I freely admit that I’ve always been a bit of a Scrooge when it comes to Valentine’s Day- referring to it as a “Hallmark-made” holiday and scoffing at chumps who shell out big bucks for roses simply because the calendar tells them to. For the past few years, however, I’ve found myself making heart-shaped food for my family each February 14th, and, today, cutting out hearts and stringing them onto garland for our mantel.
If there’s a day set aside that I can tell my people that I love them, why wouldn’t I embrace that?
It doesn’t have to be with a Hallmark card, or a fancy dinner (in or out of the house), or even a gift. Ideally, it would be spoken in a language that speaks most clearly to each of them.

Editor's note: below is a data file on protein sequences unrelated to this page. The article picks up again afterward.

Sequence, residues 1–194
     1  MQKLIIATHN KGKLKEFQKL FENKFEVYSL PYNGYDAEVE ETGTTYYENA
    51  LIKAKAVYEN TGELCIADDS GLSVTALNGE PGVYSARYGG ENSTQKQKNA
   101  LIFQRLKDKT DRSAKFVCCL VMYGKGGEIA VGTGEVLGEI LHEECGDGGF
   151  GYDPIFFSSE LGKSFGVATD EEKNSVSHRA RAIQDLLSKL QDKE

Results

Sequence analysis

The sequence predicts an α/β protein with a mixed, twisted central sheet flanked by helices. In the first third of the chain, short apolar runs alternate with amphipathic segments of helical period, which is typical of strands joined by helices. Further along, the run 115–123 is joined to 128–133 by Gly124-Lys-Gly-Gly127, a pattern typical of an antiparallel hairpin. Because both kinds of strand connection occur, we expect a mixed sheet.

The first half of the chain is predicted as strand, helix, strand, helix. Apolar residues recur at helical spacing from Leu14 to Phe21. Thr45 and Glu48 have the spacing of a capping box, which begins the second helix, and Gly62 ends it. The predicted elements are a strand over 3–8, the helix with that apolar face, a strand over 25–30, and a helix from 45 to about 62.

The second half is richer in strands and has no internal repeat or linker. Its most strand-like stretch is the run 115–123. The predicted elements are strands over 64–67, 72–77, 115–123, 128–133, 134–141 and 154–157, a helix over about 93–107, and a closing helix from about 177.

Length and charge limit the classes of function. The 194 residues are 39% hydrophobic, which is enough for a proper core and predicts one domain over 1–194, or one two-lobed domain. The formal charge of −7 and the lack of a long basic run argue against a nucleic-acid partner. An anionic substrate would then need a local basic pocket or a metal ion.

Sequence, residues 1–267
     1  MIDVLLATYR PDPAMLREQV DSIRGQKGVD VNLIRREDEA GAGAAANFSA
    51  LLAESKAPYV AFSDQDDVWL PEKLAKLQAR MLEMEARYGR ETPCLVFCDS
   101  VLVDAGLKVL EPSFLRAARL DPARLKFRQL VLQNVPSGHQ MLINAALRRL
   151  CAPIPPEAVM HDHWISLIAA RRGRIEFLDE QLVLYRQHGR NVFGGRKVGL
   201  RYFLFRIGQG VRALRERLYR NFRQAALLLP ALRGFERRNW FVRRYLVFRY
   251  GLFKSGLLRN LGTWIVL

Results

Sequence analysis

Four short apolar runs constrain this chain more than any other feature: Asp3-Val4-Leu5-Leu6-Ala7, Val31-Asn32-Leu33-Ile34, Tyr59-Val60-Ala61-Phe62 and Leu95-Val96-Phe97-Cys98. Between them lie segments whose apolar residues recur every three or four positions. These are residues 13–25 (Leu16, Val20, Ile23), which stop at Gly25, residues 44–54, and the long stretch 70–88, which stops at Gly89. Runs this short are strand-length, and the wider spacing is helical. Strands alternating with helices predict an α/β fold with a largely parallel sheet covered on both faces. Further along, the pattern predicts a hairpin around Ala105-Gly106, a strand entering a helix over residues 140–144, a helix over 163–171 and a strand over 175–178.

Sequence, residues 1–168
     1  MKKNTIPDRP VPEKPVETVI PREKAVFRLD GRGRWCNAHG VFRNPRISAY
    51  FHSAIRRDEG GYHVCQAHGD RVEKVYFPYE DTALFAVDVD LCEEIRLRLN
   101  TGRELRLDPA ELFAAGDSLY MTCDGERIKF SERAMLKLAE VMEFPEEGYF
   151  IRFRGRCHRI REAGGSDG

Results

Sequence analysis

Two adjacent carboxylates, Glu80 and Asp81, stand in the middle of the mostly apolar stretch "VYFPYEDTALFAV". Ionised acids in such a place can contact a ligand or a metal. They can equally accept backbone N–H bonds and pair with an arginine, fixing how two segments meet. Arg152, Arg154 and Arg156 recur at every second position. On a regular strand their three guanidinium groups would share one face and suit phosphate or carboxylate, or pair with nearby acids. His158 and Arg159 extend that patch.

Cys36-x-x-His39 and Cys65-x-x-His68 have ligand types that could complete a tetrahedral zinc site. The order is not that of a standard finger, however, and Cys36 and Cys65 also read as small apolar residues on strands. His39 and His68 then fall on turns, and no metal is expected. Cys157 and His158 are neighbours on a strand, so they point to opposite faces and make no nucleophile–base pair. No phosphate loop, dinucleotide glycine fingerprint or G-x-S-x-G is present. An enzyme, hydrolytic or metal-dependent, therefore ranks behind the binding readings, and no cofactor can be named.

Last weekend, our little family took the online “Love Languages Quiz.” We had done this once before, when our boys were pretty young, so it was interesting to see how much they had or hadn’t changed. If you’re unfamiliar with the concept, basically you learn for yourself, your partner, and your children how best to communicate love. If your husband loves to receive love notes that express how and why you love and appreciate him, the Amazon gift card may not fully express what you want it to. Likewise, if all my son wants is for me to spend quality time with him- playing Legos or reading together, giving him a hug or a pat on the back as I walk right past him won’t speak to him in the same way.
You might think the Love Languages are silly or cheesy, but I think they can be used to understand ourselves and the people around us even better and to love and serve our people well.
And that’s what I’ll focus on tomorrow.
If you’re curious, here’s how our family stacked up:
Son 1: Words of Affirmation
Son 2: Quality Time
Daughter: Acts of Service
Husband: Physical Touch
Me: Words of Affirmation (I scored 12 out of 12 in this category, which was a surprise to no one.)